As kids across the country head back to school and fall activities, parents may be concerned about keeping children safe while they play football or other sports. Football is one of the most popular youth sports out there with three and a half million kids playing each year – but it also comes with about 50,000 annual concussions. This risk has made football one of the most concerning activities a child can participate in for parents. 

Youth football screen shot Player Down_400x600

Wake Forest University School of Medicine researchers set out to improve the safety of youth football and found that head impacts can be drastically reduced by changing practice drills. The results from this first-of-its-kind study have provided league officials, coaches and other health professionals across the country with new techniques and guidelines on ways to avoid head injuries and concussions, and improve youth sports safety. Since then, our researchers have applied these outcomes to study head injuries in other sports, helmeted and non-helmeted, as well as in boys and girls.  

These studies also highlighted the importance of athletic trainers at school-aged sports practices and events. Atrium Health responded to this need by increasing its coverage for student athletes and provides athletic training services to nearly 100 schools across North Carolina, making it the largest in North Carolina and one of the largest programs in the country.  

What are the signs of a concussion and when should my child see a doctor? 

While athletic trainers and other health care experts are trained to recognize a concussion, it’s important for parents to know the signs and symptoms.

The most common symptoms of concussion are: 

  • Temporary loss of consciousness 
  • Headache 
  • Confusion 
  • Dizziness 
  • Nausea 
  • Vomiting 
  • Slurred speech 
  • Delayed response to questions 
  • Appearing dazed and not remembering the event that caused the possible concussion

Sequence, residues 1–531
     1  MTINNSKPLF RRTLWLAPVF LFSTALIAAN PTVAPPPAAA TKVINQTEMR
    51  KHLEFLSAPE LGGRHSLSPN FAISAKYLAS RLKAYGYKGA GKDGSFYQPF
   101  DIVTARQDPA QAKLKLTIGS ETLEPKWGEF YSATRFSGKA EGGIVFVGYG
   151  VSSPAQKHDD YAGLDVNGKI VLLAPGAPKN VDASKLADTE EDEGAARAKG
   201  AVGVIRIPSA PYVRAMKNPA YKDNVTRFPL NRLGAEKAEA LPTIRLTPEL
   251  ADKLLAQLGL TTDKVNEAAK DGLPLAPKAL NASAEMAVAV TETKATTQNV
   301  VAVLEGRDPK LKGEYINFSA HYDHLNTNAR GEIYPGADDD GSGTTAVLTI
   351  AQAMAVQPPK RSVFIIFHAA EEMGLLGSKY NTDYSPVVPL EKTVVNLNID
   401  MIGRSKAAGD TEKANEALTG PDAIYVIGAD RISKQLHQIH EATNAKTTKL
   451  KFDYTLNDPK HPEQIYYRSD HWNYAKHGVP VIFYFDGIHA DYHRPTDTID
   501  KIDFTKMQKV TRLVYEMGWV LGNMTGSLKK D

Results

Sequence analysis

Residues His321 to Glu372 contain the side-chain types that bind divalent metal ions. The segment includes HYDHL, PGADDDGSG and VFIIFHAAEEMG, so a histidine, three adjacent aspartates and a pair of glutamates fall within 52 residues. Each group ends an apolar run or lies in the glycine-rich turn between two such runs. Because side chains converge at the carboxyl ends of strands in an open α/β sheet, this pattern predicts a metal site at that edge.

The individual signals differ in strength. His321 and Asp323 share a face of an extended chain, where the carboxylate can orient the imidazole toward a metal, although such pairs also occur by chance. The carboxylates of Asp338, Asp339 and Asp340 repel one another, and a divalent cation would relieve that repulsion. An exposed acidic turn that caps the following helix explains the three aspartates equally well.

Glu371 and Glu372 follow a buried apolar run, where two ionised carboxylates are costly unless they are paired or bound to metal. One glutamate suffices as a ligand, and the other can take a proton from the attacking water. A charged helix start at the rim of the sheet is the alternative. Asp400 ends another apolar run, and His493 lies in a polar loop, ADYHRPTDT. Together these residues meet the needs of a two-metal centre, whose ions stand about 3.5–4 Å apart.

Common Signs of a Concussion
In some instances, these symptoms can go away in as little as 15 minutes. But that doesn’t mean that a concussion has run its course. Concussion symptoms continue to affect 30% of people three months after injury and adolescents face an even higher risk of delayed recovery. Additional symptoms may not occur until hours or even days after the trauma. The presence of any of these symptoms should prompt a visit to a health care provider, especially if they become worse: 

  • Fatigue 
  • Problems with thinking, concentration and memory 
  • Sensitivity to light and noise 
  • Difficulties with sleep  
  • Emotional issues such as mood swings, irritability, anxiety and depression 

“The key thing is making the diagnosis early,” said David Popoli, MD, assistant professor of pediatric orthopaedics and rehabilitation. “The longer something goes undiagnosed the trickier it becomes to manage the different elements of concussion. A lot of treatment is tailoring it to what people are experiencing. There’s really not a one-size-fits-all solution.” 

But all concussion treatment regimens share one element: rest, which allows the brain to heal. This generally includes avoiding physical exertion, especially manual labor and sports, and mental activities such as reading, watching TV and using a computer until the symptoms subside, followed by a gradual return to normal activities.

Scott Ireland Otallah, MD “Our research team will help find a better way to answer the first question every teen with a concussion has: 'When will I feel better?'" - Scott Otallah, MD, assistant professor of neurology 

How long does it take to recover from a concussion? 

Going back to school, work or the playing field prematurely is inviting trouble since the primary risk factor for concussion is a previous concussion.  
“There’s no time frame during which you should expect a complete recovery,” Popoli said. “The vast majority of patients will resolve their symptoms within a month. At the bare minimum, you’re looking at five days.” 
Recently, the National Institute of Neurological Disorders and Stroke awarded a $10 million grant to the Four Corners Youth Consortium, a group of academic medical centers, including Wake Forest University School of Medicine, that are studying concussions in school-aged children.  
"We have an incredible multi-disciplinary team that will help the consortium find a better way to answer the first question every teen with a concussion has: 'When will I feel better?'," said Scott Otallah, MD, assistant professor of neurology. "We are proud to be the site leaders for this study that will include contributions from sports medicine physicians, neurologists, biomedical engineers, neuropsychologists and neuro-radiologists and builds on our strong tradition of concussion research." 
Wake Forest University School of Medicine principal investigators include Otallah, Popoli and Chris Miles, MD, associate professor of family and community medicine. The five-year CARE4Kids study will enroll more than 1,300 children nationwide, and an estimated 240 children, ages 11 to 18, will participate in the study locally.

To learn more about the study, contact or call 336-716-3391. If you suspect your child has had a concussion or a sports-related injury, our experts across the Wake Forest Baptist and greater Charlotte regions are available for same-day or next-day appointments.